I'm less than 5 steps away from Kevin Bacon, now what?
By Frank Meeuwsen on 26 November 2011
This week, researchers at Facebook and the University of Milan published a study which concludes that the degrees of separation between any two people in the world is no longer the famous six degrees of separation. We are actually more connected than ever. The number has been reduced to 4.7. The study, which measured how many friends people have on Facebook, found that the notion of six degrees of separation had been shrinking over the past three years at the same time as the dominant social network bumped up its userbase. The study itself is unique in itself, the researchers used the actual Facebook data, 721 million active users and a staggering 69 billion friendships among them. This is the largest social network study ever released.
This interests me on multiple levels. For instance, the research uses 10% of the global population. Well, mostly the western population. For instance, in the Soviet Union Facebook is not a large network. V-Kontakte is by far a bigger network. In the upcoming economy of China, QZone is one of the biggest networks with 500 million users. And growing. So yes, I would say that this is a larger study than the Milgram experiment, but to say that “we” as humans are closer together and “the world is smaller” sounds to me like a nice PR spin on this study. Not withstanding that this is an impressive study and will give a lot to talk about for the ccoming months. But let’s not forget there are more worlds than the Big Blue of Facebook.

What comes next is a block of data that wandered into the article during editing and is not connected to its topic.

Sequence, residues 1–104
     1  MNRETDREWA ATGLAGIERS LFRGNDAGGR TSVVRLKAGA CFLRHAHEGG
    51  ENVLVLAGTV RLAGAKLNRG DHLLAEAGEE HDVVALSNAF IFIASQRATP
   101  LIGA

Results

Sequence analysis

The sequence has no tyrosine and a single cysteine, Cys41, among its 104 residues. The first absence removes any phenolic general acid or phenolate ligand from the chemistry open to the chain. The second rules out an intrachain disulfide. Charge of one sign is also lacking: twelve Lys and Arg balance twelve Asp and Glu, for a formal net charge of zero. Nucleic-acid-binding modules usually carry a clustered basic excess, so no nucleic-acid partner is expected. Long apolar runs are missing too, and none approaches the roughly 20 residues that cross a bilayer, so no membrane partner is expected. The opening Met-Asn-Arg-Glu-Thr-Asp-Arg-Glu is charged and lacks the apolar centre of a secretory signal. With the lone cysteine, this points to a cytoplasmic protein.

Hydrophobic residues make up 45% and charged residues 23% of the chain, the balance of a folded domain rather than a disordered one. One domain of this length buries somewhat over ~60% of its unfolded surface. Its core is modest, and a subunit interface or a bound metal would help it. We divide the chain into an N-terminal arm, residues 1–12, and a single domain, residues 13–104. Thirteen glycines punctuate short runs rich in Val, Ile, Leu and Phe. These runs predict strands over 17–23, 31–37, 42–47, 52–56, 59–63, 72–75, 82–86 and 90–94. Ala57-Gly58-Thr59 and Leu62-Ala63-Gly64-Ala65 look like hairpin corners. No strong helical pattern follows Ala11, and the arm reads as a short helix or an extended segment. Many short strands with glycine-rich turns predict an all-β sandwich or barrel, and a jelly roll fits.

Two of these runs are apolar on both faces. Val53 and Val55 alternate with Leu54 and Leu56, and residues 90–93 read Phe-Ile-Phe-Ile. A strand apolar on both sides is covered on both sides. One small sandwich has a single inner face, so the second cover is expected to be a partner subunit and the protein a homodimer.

This study also got me thinking how this changes social research. I am no expert on social research but from what I see on the Crossmedialab and some other studies, it is quite unique to have access to an entire Facebook population. Most researchers have to work with online or offline surveys, partial data and sometimes polluted data from different sources. Again, just a first observation, not a fact in itself. For the first time, researchers had access to the entire Facebook population. This reminds me of the first steps of working with a supercomputer in the sixties and seventies. To have access to these enormous calculating powers of the first servers, you’d had to make a reservations, have a specific timeslot where you could use the computer and do your calculations. To put things in perspective, I’d think that the smartphone you have in your pocket is more powerfull than those first supercomputers.
But this feels like the same first steps again. What if the creation, publication and distribution of API’s got simpler, more powerfull and perhaps more controllable? What if more people could use a larger dataset to do their research on because servers get more powerfull, data gets decentralized through torrent-technology, more people get creative with large datasets. What would this mean for social studies and the way we look at the world?
Interesting times! And where does this leave the famous internetgame Six degrees of Kevin Bacon?